Starfire Optical Range is just part of the high-tech community surrounding Boeing in and around Albuquerque. While a number of contractors work with Air Force personnel and military at the observatory—perched south of New Mexico's largest city at 6,200 feet (1,880 meters) above sea level, not far from where the Sandia and Manzano mountains intersect—another 85 people are assigned to the Boeing Albuquerque site, occupying a sprawling white building that houses 13 different labs, all of which is located on the northern edge of town at 5,500 feet (1,670 meters) altitude.

This elevated, southwestern region of the United States offers a melting pot of scientists and engineers with advanced degrees and industry credentials, a populace that has been in place since the onset of World War II.

They fill up laboratories and research facilities for different organizations throughout the area, continually looking for ways to enhance modern civilization, space navigation and military technologies used to protect freedom. Boeing has a significant presence.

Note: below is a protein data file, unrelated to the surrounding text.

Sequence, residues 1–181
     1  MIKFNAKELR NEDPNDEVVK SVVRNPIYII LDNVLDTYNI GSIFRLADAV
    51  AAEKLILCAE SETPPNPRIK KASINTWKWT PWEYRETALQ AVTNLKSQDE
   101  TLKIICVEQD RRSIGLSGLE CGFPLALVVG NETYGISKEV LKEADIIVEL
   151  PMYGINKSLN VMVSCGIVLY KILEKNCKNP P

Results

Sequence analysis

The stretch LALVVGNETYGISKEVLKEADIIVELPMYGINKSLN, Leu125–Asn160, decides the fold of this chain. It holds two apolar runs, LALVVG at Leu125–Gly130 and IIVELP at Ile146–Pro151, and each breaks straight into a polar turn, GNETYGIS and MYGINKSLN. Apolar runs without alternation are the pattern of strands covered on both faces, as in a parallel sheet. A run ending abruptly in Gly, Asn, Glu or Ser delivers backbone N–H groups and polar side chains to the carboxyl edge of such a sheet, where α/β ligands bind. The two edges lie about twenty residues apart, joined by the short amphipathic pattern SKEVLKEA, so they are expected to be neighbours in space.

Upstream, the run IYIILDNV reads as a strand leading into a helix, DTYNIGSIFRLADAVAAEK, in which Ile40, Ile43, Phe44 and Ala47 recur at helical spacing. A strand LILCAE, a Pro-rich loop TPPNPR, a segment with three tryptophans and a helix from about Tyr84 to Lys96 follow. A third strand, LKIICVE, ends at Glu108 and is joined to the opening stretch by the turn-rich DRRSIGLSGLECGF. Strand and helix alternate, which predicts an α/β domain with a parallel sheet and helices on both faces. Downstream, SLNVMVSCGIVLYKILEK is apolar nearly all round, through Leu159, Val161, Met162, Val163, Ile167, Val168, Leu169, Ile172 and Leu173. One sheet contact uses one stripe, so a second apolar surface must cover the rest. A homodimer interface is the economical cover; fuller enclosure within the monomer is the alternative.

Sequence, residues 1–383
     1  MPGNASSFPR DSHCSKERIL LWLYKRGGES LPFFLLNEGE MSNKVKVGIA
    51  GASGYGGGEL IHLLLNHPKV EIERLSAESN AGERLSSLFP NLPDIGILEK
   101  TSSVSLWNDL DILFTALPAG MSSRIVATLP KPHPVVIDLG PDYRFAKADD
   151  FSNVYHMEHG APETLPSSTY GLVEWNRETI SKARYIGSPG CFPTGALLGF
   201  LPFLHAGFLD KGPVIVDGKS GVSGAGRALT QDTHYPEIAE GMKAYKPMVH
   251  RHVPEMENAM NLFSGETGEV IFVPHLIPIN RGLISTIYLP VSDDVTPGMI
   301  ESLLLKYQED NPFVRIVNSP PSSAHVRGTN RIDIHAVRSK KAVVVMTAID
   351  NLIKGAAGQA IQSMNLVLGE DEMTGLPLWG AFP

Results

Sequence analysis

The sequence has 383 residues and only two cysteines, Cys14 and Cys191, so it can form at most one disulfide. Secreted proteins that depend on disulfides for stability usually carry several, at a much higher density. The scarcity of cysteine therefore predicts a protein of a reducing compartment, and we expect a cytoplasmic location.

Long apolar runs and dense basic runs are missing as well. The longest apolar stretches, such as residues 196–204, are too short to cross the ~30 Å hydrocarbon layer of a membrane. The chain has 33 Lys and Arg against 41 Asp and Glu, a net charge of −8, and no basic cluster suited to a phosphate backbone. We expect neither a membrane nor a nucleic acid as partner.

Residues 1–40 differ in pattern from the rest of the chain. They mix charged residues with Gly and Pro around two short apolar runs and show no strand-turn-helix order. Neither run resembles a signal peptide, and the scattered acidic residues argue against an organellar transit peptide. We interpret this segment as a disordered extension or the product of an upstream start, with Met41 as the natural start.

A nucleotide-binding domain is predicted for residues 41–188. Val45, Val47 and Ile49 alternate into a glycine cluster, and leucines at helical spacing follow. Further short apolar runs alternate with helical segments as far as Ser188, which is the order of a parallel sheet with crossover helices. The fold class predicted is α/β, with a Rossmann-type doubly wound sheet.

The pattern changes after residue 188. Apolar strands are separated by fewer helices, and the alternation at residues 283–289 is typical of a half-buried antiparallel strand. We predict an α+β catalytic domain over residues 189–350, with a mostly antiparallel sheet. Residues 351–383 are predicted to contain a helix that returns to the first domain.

"It's a great place for productivity," said David DeYoung, Laser & Electro-Optical Systems director, Boeing Albuquerque, of the desert's advantages. "It has the dry climate, high elevation and available test ranges."

Sandia National Laboratory and the Air Force Research Laboratory, which develop war-fighting capabilities and technologies, are located inside the 57,000-acre (23,000-hectare) Kirtland Air Force Base.

Los Alamos National Laboratory, where the first atomic bomb was created and which remains one of the world's largest scientific institutions, is 100 miles (160 kilo¬meters) north. White Sands Missile Range, the largest American military installation anywhere, is 150 miles (240 kilometers) south.